For a closer look at the cultural offerings of Mexico City and Mexico as a whole, take your pick of over 151 officially-recognized museums. Only London has more museums than Mexico City, and you have options ranging from Museo Casa Frida Kahlo to the National Museum of Anthropology, the most visited museum in the country.
If you’re looking to fill your days with art, Mexico City has no shortage of art galleries, either. This is the place to see some of the most famous murals of the Mexican muralist movement. In the Palace of Fine Arts, you’ll find some of the most incredible works of David Alfaro Siqueiros and Diego Rivera. But for the lesser-known muralist gems and the history behind them, jump on a guided mural tour.
Mexico City is in the Valley of Mexico, surrounded by mountains that makeup a fragment of the Trans-Mexican Volcanic Belt. At an altitude of 7,350 feet, it enjoys average seasonal temperatures of 63F.
The large city is a conglomeration of many former municipalities. Some new and styled with glassy high-rises, others with deeper roots that can be seen in both the homes and the parks surrounding them, most of which can be accessed by the efficient and affordable Metro system running both above and below the city.
No trip to Mexico City is complete without visiting the Historic Center (Centro Historico). Here, the largest main square in Latin America – El Zocalo – is surrounded by two of the cities most important sites.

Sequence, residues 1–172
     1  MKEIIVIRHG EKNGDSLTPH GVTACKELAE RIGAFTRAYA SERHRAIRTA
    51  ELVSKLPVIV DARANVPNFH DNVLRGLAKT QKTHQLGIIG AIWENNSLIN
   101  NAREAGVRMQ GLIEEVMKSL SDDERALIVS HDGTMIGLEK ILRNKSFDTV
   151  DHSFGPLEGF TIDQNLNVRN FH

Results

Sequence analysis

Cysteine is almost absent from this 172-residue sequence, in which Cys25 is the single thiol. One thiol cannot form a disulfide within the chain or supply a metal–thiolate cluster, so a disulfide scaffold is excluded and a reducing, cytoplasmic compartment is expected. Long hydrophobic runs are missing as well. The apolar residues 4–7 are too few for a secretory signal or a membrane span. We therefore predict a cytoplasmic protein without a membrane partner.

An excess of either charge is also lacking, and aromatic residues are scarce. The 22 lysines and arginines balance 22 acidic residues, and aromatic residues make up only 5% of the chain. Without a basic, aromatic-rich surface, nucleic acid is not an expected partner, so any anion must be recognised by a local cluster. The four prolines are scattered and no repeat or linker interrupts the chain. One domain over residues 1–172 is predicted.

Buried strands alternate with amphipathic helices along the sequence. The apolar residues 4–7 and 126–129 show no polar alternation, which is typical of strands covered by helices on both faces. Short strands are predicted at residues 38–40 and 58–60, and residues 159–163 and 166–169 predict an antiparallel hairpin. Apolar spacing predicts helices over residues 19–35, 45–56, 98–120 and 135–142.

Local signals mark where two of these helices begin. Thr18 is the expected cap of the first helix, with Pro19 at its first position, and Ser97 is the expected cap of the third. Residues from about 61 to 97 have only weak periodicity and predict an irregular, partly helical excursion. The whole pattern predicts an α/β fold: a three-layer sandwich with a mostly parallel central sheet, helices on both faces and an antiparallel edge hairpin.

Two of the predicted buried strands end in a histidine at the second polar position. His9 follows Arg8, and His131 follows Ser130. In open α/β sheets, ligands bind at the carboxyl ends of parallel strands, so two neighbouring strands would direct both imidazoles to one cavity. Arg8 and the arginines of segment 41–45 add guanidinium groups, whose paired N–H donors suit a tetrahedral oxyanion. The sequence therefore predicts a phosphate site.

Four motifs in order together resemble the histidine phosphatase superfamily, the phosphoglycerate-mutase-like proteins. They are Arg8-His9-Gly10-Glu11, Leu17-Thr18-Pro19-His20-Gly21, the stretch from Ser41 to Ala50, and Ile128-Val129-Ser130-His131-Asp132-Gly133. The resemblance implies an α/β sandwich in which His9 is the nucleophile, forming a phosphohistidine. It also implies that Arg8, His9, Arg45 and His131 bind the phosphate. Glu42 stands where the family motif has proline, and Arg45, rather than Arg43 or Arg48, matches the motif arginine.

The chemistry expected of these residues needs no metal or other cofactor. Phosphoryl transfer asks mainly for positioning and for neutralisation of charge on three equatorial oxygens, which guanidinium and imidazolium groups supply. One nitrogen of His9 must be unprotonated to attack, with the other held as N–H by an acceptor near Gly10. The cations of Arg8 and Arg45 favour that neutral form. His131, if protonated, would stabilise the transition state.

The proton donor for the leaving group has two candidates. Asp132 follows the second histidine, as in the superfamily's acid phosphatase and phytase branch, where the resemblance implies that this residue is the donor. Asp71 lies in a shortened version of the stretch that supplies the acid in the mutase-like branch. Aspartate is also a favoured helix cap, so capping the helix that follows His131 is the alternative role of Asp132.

The Metropolitan Cathedral is among the largest cathedrals in the Western Hemisphere, with 190-foot neoclassical towers housing 18 bells. Beside the cathedral is the Templo Mayor, the main temple of the Aztec capital, with pieces restored for an exquisite example of how pre-Colombian history met modernity in this ancient city.
For more history, head to the Castle Chapultepec, built upon a hill of the same name and surrounded by the beautiful Chapultepec Park. Perched on top of the city, this historical building has served as presidential residence, a military academy, and now as a museum with unparalleled views of the city. It’s also a great place to take in more of Mexico’s famous murals.